Sunday, June 27, 2010

COMMENTARY: Nations Should Not Deny Muslim Women the Right to Wear a Burkha

Last week the Council of Europe, which is comprised of 47 European countries, voted unanimously that outlawing the burkha -- the full-faced veils worn by Muslim women -- would deny women the right to cover their bodies.

Ironically, this unanimous vote occurred on the same day that the Senate in Spain approved a motion to ban Muslim women from wearing the burkha. Consequently, Spain has become the first nation in Europe to legally ban the burkha.

The burkha is worn by many Islamic women for the purpose of hiding a female's body when she is out in public. These Muslims believe that non-relatives should not be allowed to look at a woman's body.

In addition to Spain's decision to ban the burkha, France, Belgium, and the Netherlands have initiated legislative discussions on this idea, as these countries are also planning to vote soon on banning the burkha.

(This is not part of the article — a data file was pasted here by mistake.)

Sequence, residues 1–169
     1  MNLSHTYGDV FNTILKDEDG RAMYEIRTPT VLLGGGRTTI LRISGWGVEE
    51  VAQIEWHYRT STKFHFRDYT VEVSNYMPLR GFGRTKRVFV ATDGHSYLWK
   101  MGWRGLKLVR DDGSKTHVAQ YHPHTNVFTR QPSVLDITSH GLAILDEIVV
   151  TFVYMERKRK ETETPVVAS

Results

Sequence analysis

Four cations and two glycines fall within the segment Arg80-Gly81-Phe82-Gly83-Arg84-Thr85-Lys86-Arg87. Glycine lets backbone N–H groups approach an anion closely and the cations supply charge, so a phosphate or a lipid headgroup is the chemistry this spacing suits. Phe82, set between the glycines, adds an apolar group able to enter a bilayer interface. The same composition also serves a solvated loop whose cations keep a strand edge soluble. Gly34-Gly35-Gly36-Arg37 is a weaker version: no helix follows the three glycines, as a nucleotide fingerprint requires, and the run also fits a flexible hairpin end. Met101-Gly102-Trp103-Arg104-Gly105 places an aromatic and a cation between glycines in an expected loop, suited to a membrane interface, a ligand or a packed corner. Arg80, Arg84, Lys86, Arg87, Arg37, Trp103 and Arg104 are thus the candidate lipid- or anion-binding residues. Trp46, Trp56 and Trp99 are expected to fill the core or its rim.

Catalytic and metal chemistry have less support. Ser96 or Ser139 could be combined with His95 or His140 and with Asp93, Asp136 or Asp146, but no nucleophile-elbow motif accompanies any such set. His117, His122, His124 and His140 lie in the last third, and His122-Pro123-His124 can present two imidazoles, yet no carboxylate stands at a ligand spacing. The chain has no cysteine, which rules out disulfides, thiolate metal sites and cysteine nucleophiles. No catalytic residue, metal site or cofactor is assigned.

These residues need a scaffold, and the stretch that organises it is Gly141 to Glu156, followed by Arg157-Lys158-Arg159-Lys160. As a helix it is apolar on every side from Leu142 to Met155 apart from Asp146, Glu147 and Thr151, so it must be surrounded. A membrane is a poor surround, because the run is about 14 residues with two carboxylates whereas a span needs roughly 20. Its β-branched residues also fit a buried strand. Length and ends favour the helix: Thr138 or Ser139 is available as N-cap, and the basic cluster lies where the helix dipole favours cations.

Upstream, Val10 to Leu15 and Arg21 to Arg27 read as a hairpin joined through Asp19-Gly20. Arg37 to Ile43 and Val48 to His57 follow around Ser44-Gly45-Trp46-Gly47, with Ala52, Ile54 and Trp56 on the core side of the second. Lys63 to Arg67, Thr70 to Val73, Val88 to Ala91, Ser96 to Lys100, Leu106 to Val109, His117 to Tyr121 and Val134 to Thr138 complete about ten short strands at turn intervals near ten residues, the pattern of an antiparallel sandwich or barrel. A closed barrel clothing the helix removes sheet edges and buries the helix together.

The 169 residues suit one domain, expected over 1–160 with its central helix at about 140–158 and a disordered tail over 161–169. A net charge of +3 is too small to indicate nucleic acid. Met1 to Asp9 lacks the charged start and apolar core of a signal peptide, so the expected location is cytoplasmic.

There are several reasons for European countries wanting to ban the burkha. One reason is to ensure the safety of these women -- especially when they are driving a motor vehicle -- since their vision can be obstructed by this garment.

A second reason is that European nations, for the most part, are by tradition Christian nations, and using the burkha is an Islamic tradition.

A third reason is that many Europeans believe that wearing a burkha is demeaning to women. The belief that Muslim women are required to hide their bodies -- while Muslim men are not -- is a double standard, and views women as sex objects.

Although these reasons -- and others -- may be used by nations to ban the burkha, I believe that each Muslim woman should decide for herself whether or not she should wear a burkha.

In other words, a woman should have the choice of wearing a burkha or not wearing one. For a nation to legalize a ban on women wearing a burkha denies Muslim women of their right to choose what they feel is best for them.

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